1887

Abstract

The virulence plasmid of the pathogenic actinomycete is essential for proliferation of this pathogen in macrophages and the development of disease. The pathogenicity island of this plasmid encodes a family of virulence-associated proteins (Vap), one of which (VapA) is a virulence factor. This paper describes the operon ( o-expressed ene), located upstream of the operon. Transcription of the operon gave rise to transcripts with a half-life similar to those determined for other virulence plasmid genes (1.8 min). Transcription started at a promoter similar to the promoter, and proceeded through an inefficient terminator into the downstream gene. In addition, is also transcribed from a promoter downstream of The and operons were coordinately regulated by temperature and pH in a synergistic manner. The latter parameter only affected transcription at higher growth temperatures, indicating that temperature is the dominant regulatory signal. Transcription of the operon increased 10-fold during the late exponential and stationary growth phases. Transcription was also upregulated during the initial hours following phagocytosis by phagocytic cells. In contrast to and , the gene is conserved in the porcine VapB-encoding plasmid, as well as in pathogenic mycobacteria. The coordinated regulation of and , transcription of following phagocytosis and conservation of in pathogenic mycobacteria indicate a role for and the genes in the virulence of .

Funding
This study was supported by the:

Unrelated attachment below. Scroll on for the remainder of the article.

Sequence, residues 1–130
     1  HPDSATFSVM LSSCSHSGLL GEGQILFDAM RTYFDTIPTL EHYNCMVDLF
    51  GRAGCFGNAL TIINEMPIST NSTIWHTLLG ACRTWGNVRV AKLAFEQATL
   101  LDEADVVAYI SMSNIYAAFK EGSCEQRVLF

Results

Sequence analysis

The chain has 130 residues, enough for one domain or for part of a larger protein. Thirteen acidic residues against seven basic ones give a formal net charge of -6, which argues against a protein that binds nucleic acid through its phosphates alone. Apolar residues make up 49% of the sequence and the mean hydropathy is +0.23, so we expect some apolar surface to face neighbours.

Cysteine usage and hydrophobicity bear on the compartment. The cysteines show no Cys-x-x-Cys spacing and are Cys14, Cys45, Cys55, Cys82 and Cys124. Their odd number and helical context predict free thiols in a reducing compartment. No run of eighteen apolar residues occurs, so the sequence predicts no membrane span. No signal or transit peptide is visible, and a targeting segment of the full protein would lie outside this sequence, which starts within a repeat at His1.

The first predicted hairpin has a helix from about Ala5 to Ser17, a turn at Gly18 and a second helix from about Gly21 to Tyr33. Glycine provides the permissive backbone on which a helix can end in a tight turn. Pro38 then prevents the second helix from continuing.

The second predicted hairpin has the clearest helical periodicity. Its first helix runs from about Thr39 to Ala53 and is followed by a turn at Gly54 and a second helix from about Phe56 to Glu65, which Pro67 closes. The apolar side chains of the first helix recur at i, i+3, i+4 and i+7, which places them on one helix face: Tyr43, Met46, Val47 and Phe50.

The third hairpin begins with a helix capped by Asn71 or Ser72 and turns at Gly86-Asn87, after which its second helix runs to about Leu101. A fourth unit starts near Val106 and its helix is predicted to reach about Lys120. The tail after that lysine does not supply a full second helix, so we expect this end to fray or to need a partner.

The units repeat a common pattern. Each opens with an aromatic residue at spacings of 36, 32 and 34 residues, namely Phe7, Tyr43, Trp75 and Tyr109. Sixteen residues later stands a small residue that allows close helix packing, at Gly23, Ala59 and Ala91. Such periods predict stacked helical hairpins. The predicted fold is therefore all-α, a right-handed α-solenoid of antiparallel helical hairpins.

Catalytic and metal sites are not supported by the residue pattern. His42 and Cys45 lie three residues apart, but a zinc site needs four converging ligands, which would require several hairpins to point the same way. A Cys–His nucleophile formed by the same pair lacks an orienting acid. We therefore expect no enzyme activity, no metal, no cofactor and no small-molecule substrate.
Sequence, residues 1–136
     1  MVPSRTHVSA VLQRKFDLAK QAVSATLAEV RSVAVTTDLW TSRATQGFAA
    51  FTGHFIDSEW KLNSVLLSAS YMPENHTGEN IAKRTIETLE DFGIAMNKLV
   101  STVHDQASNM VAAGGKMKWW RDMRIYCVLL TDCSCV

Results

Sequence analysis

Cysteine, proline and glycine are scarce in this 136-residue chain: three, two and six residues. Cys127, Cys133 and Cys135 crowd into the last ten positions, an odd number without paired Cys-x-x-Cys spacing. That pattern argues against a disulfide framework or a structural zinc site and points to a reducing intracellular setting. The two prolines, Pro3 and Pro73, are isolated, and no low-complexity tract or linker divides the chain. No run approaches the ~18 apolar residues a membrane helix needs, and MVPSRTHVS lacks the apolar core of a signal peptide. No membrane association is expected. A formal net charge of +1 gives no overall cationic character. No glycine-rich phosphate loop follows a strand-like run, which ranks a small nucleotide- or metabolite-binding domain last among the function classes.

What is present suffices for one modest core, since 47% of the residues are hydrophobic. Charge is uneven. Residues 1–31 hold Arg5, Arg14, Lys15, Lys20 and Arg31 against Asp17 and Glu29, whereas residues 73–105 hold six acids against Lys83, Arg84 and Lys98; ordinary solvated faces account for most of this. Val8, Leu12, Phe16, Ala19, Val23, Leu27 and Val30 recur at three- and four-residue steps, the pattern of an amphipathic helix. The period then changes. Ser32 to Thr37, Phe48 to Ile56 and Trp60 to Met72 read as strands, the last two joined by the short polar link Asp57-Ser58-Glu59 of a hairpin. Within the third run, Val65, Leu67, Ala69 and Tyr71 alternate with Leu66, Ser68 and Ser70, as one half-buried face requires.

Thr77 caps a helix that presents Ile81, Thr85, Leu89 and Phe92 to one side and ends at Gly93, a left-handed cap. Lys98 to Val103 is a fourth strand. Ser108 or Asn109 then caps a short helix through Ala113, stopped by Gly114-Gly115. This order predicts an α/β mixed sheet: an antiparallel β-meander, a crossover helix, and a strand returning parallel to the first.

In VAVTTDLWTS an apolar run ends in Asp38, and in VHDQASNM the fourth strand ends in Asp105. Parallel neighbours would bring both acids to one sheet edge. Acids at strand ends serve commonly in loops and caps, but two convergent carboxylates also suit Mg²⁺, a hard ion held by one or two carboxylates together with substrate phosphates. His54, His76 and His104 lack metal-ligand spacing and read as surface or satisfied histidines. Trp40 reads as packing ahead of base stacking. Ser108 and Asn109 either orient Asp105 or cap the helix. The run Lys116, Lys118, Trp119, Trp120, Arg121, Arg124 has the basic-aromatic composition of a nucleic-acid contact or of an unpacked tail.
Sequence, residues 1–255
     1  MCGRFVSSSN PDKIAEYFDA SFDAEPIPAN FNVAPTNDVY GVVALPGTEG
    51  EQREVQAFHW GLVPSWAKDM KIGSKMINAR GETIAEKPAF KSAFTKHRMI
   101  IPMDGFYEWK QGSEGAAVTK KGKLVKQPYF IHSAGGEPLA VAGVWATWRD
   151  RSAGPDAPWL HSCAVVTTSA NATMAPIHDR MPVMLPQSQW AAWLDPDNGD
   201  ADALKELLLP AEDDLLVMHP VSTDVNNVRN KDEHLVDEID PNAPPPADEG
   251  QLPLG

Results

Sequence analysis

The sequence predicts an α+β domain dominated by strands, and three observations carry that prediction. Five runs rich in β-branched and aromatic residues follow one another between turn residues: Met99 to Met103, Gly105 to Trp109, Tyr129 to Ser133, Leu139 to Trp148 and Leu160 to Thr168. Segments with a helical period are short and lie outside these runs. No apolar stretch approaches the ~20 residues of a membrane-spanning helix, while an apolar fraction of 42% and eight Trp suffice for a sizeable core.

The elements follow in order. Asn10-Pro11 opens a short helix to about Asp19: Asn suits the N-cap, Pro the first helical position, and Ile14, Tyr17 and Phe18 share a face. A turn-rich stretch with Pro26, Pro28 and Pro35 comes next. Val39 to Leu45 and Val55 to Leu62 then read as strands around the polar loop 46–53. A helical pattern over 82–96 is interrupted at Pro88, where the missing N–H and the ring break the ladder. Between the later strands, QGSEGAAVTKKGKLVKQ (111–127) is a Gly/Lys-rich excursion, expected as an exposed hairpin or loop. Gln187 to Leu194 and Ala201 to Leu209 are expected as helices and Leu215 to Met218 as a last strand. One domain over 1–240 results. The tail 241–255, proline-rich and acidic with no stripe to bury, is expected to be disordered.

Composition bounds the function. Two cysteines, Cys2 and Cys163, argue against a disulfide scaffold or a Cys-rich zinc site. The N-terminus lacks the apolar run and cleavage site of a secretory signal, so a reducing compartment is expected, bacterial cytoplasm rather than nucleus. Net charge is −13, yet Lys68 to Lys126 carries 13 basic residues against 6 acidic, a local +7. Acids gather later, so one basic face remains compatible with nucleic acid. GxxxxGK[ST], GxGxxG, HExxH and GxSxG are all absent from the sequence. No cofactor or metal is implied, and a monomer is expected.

• Research Stimulus Fund of the Department of Agriculture, Fisheries and Food (Award RSF 06-379)
  • Science Foundation Ireland (Award 02/IN.1/B203)
Loading

Article metrics loading...

/content/journal/micro/10.1099/mic.0.049759-0
2011-08-01
2021-08-04
Loading full text...

Full text loading...

/deliver/fulltext/micro/157/8/2357.html?itemId=/content/journal/micro/10.1099/mic.0.049759-0&mimeType=html&fmt=ahah

References

  1. Butcher P. D., Mangan J. A., Monahan I. M. ( 1998). Intracellular gene expression. Analysis of RNA from mycobacteria in macrophages using RT-PCR. Methods Mol Biol 101:285–306[PubMed]
    [Google Scholar]
  2. Buttner M. J., Chater K. F., Bibb M. J. ( 1990). Cloning, disruption, and transcriptional analysis of three RNA polymerase sigma factor genes of Streptomyces coelicolor A3(2). J Bacteriol 172:3367–3378[PubMed]
    [Google Scholar]
  3. Byrne B. A., Prescott J. F., Palmer G. H., Takai S., Nicholson V. M., Alperin D. C., Hines S. A. ( 2001). Virulence plasmid of Rhodococcus equi contains inducible gene family encoding secreted proteins. Infect Immun 69:650–656 [View Article][PubMed]
    [Google Scholar]
  4. Byrne G. A., Russell D. A., Chen X., Meijer W. G. ( 2007). Transcriptional regulation of the virR operon of the intracellular pathogen Rhodococcus equi . J Bacteriol 189:5082–5089 [View Article][PubMed]
    [Google Scholar]
  5. Byrne G. A., Boland C. A., O’Connell E. P., Meijer W. G. ( 2008). Differential mRNA stability of the vapAICD operon of the facultative intracellular pathogen Rhodococcus equi . FEMS Microbiol Lett 280:89–94 [View Article][PubMed]
    [Google Scholar]
  6. Cole S. T., Brosch R., Parkhill J., Garnier T., Churcher C., Harris D., Gordon S. V., Eiglmeier K., Gas S. et al. ( 1998). Deciphering the biology of Mycobacterium tuberculosis from the complete genome sequence. Nature 393:537–544 [View Article][PubMed]
    [Google Scholar]
  7. De La Peña-Moctezuma A., Prescott J. F., Goodfellow M. ( 1996). Attempts to find phenotypic markers of the virulence plasmid of Rhodococcus equi . Can J Vet Res 60:29–33[PubMed]